Market Movers: Chip shortage short circuits Tata Motors, banks find their groove

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MUMBAI: When the going gets too good, life always throws a spanner in the works. Just ask .

Just as the Indian business of the car and commercial vehicle maker was showing signs that a post-second wave recovery is underway, the company’s subsidiary, Jaguar Land Rover, dropped a stinker. JLR on Tuesday warned that its volumes will plummet 50 per cent in the September quarter not because nobody wants to buy its cars but due to the unavailability of those tiny-sized chips that make the world tick these days.

JLR believes this could cause 1 billion pound sterling in cash outflow as well as negative operating margin in the second quarter. With the company suggesting that the situation will not normalize for another 12-18 months, investors headed for the exit door.

Cash market volumes soared nearly 800 per cent as the stock nosedived 8.5 per cent on NSE, suggesting that not only short-term traders but also long-term investors dumped the stock fearing gloomier days ahead for the company. After nearly 80 per cent gains in the year so far, Tata Motors may be staring at a long winter in the months to come.

Moving on from the sadness of Tata Motors, and onto the happy vibes of banks.

Finding their groove

Two days and gains of over 500 points later, it is safe to say that bank stocks have finally found the groove they have been missing since the middle of June. The banking pack single-handedly helped the Nifty50 index from falling further given the losses being run by other index majors like Reliance Industries and Infosys.

The ‘happy days’ vibe from the banking pack, especially private banks, has a lot to do with the positives that emerged from the RBI’s financial stability report and the strong updates for the June quarter given by the likes of HDFC Bank. Perhaps now that even the second wave has failed to show any major dent to these banks’ balance sheets, investors might join in the party.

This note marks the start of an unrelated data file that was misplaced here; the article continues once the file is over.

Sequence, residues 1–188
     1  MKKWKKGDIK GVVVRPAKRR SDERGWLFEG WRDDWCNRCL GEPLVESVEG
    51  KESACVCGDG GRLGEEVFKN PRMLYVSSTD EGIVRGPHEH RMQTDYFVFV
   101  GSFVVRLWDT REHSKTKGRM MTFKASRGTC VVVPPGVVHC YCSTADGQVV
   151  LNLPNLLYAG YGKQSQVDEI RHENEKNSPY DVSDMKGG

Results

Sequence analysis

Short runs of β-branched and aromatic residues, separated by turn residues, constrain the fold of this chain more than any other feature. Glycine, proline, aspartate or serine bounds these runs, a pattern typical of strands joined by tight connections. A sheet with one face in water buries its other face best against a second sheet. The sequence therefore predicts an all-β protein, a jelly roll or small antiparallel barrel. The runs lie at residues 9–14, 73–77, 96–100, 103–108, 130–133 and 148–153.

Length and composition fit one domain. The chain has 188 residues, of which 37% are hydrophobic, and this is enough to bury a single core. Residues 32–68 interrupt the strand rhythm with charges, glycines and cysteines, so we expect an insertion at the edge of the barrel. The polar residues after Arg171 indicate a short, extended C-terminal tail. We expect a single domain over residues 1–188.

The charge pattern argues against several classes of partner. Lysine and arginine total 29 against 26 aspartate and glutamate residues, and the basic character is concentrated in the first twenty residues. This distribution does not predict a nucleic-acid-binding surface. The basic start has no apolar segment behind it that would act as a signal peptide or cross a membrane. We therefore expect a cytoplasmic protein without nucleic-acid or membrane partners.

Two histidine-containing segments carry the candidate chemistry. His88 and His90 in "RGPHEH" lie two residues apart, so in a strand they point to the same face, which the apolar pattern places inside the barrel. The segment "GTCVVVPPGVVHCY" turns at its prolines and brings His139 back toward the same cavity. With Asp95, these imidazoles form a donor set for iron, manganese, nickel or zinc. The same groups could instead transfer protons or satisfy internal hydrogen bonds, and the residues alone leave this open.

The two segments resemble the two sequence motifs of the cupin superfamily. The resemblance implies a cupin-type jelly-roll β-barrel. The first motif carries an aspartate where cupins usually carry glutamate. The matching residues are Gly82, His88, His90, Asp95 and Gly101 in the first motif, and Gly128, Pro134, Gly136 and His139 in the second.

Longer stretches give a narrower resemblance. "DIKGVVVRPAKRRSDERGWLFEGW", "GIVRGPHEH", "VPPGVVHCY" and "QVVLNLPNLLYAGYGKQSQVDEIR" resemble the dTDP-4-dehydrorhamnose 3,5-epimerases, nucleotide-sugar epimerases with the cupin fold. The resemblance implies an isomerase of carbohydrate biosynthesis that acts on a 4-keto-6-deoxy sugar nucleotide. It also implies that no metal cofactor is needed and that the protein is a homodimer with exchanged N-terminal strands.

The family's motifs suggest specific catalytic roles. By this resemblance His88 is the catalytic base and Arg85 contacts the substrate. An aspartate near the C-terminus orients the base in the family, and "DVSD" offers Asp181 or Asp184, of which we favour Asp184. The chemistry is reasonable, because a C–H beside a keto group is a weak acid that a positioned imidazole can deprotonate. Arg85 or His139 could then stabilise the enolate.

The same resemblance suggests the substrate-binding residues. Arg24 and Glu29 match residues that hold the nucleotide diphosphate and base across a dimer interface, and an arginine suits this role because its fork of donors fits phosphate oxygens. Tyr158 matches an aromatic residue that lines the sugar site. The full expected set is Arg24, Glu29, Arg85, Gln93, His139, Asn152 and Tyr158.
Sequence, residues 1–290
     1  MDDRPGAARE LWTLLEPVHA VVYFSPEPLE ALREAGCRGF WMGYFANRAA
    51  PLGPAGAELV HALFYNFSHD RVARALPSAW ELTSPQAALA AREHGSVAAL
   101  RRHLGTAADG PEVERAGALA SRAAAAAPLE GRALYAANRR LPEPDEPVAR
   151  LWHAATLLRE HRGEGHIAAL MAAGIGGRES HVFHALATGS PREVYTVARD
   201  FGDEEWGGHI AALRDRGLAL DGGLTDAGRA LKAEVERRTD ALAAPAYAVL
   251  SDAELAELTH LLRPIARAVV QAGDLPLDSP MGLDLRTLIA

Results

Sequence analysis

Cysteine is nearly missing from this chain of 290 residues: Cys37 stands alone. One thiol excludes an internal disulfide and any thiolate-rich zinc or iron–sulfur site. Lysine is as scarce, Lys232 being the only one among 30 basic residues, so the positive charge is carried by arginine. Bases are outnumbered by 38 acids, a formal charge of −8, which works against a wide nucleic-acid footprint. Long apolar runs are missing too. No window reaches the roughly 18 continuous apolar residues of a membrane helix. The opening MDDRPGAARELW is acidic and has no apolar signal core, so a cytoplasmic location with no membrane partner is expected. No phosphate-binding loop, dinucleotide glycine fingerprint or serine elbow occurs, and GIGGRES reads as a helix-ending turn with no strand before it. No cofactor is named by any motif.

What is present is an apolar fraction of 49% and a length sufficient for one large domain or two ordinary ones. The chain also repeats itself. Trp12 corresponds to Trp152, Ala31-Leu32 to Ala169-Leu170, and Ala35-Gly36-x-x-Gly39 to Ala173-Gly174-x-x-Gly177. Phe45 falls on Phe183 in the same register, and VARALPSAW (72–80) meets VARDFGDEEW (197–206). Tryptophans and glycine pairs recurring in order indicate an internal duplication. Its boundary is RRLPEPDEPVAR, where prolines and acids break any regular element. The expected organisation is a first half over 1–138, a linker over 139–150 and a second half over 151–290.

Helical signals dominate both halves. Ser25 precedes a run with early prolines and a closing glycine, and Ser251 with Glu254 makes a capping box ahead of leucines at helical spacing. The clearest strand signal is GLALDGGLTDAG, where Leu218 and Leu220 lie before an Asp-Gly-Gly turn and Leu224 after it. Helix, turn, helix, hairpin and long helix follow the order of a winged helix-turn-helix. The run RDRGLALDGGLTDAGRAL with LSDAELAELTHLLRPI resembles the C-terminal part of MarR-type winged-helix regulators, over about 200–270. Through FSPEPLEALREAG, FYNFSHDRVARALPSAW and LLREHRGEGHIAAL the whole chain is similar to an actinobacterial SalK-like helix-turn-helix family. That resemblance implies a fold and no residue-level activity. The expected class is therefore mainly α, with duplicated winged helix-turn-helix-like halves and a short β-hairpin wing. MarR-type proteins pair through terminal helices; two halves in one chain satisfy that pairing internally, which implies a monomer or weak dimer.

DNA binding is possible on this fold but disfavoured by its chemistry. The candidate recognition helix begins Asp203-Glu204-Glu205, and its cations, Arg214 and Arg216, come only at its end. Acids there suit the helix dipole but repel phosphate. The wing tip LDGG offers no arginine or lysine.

Patience pays off

After three years of trying,

finally managed to scale past its previous record high and set a new one on Tuesday. The move reflects growing optimism that investors are feeling for the company in the wake of a new management at the top and signs that its products are being fancied by the masses. Better late than never, as they say.

Back in business

Cement stocks had entered a period of lull in the wake of the second wave of Covid-19 infections in the country. Frankly, not many people were thinking about buildings to build and houses to construct at the time. However, as lockdowns have eased, construction activity is picking up speed much like it did after the first wave. Investors believe a repeat performance from cement stocks could be on the offering just like last year. Demand is recovering and there are whispers of possible price hikes. And new money in the market needs to chase something, so why not cement.

While you guys chase cement manufacturers, we need to go chase our house cat for his evening meal. So long, dear readers!

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